A print of Northern River by Tom Thomson hangs in the corner of my living room, diagonally across from my favorite reading chair and the library table where bookish materials, journal and pen, salt lamp and a bowl of stones reside under a good reading lamp. The painting is there for a good reason - I love looking at it because it is a powerful visual reminder of the light, wildness and radiant life which are to be found beyond the confines of village and city.
In life, Tom Thomson was a lover of light and wildness, and he often said of his own work, "there is not enough light in it". That cannot be said here, for his passionate rendering of the light playing over and around his unknown river is intense and flawless. The image he crafted is a wild prayer of the highest order.
Looking at the painting, we find ourselves on the bank of a smoky autumn river, viewing it through a lattice of evergreens standing in solitary splendor against water, earth and sky, an elemental fretwork of arched silhouettes and spiraling traceries. The artist's tree forms are rendered as simple shapes against the natural light which moves and flows around them in differing intensities. At certain times of day, the image looks for all the world like a stained glass panel in intense earthy hues.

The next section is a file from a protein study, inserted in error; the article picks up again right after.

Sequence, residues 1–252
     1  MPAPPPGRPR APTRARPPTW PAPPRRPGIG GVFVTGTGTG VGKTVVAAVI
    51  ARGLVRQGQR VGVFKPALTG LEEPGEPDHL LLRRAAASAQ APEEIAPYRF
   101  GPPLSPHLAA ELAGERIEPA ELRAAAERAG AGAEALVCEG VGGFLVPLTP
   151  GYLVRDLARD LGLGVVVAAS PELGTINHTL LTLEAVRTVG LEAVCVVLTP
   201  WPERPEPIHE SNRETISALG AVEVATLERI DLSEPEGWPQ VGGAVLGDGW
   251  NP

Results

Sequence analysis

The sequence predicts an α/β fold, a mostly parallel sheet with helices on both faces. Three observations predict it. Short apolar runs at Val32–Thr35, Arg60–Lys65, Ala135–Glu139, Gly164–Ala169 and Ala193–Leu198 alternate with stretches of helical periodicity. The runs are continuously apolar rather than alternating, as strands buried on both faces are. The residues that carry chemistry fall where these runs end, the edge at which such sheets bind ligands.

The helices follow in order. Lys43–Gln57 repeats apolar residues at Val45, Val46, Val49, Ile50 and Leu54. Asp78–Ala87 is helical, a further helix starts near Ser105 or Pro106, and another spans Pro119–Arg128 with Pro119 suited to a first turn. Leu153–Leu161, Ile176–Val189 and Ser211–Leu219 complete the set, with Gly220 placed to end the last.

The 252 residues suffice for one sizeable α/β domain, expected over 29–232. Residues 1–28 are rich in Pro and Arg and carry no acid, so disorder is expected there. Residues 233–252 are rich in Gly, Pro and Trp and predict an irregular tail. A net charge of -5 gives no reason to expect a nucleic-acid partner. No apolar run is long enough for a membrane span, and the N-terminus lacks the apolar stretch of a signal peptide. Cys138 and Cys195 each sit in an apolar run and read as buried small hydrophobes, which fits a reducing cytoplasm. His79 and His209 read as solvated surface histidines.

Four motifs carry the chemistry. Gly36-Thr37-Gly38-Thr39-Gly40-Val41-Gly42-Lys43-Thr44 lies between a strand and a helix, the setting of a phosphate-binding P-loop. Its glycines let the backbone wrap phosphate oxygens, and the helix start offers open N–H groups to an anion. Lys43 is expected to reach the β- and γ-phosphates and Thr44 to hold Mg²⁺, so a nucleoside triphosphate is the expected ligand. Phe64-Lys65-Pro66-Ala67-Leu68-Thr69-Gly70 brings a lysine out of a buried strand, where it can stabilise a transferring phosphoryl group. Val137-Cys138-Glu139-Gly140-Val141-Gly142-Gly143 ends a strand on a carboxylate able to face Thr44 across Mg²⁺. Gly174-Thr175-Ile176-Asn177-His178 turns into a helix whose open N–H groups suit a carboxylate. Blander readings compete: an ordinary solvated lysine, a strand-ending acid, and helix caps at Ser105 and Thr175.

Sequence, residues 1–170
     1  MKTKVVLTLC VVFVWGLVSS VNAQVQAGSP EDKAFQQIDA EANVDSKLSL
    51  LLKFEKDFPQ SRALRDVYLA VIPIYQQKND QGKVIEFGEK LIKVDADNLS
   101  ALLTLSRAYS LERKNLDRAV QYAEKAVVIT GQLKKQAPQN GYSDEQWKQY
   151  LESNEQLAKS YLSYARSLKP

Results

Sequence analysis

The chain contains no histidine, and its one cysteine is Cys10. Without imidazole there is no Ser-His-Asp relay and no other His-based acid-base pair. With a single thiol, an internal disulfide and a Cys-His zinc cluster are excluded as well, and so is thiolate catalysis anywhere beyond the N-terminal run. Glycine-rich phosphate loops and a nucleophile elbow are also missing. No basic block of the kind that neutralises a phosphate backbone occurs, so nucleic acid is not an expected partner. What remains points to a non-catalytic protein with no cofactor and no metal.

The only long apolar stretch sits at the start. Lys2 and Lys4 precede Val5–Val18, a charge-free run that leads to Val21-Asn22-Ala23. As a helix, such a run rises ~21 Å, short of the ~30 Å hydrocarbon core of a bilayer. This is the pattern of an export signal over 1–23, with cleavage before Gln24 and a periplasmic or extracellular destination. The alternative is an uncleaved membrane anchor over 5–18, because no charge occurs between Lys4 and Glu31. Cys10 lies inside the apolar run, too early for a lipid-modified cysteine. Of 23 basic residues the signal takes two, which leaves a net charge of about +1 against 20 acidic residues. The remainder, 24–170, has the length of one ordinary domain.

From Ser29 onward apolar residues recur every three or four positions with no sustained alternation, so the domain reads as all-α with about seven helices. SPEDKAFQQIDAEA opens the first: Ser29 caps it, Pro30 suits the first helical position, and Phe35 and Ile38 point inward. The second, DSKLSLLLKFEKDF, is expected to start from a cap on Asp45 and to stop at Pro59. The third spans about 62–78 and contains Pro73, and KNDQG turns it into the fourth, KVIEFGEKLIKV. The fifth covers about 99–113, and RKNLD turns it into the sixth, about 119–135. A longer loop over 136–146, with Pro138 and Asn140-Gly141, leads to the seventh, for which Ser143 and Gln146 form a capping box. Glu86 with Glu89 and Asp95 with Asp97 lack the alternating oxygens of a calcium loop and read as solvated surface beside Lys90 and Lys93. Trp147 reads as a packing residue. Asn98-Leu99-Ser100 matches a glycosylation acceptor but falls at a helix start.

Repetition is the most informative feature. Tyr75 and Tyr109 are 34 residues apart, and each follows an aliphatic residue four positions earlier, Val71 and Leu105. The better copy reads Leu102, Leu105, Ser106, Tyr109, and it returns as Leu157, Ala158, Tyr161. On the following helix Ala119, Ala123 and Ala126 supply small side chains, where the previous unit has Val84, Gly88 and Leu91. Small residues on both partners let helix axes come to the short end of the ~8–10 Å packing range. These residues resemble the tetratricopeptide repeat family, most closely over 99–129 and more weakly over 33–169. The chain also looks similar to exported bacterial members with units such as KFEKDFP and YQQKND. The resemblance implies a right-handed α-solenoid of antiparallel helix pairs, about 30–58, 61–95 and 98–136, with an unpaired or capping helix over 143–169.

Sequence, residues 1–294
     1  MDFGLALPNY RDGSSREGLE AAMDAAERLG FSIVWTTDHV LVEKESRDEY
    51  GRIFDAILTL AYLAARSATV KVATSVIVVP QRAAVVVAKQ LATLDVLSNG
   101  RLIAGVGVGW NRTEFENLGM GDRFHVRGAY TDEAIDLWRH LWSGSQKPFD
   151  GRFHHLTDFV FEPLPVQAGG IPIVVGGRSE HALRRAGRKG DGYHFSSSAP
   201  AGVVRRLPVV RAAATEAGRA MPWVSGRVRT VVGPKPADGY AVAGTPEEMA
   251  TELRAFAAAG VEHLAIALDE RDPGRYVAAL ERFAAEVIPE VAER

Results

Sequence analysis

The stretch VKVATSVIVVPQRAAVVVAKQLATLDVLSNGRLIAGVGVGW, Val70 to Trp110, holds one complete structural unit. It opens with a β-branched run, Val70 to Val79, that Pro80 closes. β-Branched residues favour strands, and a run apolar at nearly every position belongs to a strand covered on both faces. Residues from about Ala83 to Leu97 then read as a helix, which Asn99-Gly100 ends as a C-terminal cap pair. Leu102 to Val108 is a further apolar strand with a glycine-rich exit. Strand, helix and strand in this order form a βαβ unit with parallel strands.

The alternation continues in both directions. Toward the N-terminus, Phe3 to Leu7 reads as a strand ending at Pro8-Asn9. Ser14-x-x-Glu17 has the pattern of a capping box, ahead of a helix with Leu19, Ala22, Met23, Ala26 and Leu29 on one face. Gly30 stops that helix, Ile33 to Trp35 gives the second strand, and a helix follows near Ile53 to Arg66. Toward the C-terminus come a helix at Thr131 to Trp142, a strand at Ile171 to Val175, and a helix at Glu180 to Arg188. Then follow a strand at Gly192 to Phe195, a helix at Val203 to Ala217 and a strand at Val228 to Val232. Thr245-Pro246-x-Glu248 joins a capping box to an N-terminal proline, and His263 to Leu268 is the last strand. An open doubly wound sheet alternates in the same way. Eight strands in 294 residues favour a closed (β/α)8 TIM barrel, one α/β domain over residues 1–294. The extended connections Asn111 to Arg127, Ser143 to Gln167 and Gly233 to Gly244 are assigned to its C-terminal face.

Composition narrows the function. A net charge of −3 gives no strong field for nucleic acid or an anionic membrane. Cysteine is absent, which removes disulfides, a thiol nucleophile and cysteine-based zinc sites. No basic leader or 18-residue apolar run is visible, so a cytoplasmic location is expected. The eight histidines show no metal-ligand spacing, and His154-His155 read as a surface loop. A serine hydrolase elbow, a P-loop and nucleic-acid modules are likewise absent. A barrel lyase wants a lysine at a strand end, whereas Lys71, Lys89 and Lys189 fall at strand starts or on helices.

Does the image remind me of the beaver pond I write about here occasionally? It certainly does, especially at this time of year when the light of the world is falling away, at least in the northern hemisphere.
What may be said of my own life? Sometimes, I find myself thinking as Tom Thomson did in his time on the earth that "there is not enough light in it". Like him, but with considerably less talent and craftsmanship, I pursue a wild, elusive and elemental light with my brush and lens and a net of clumsy woefully inadequate words - occasionally I find it and just stand like a fool, by the pond or fen or northern river.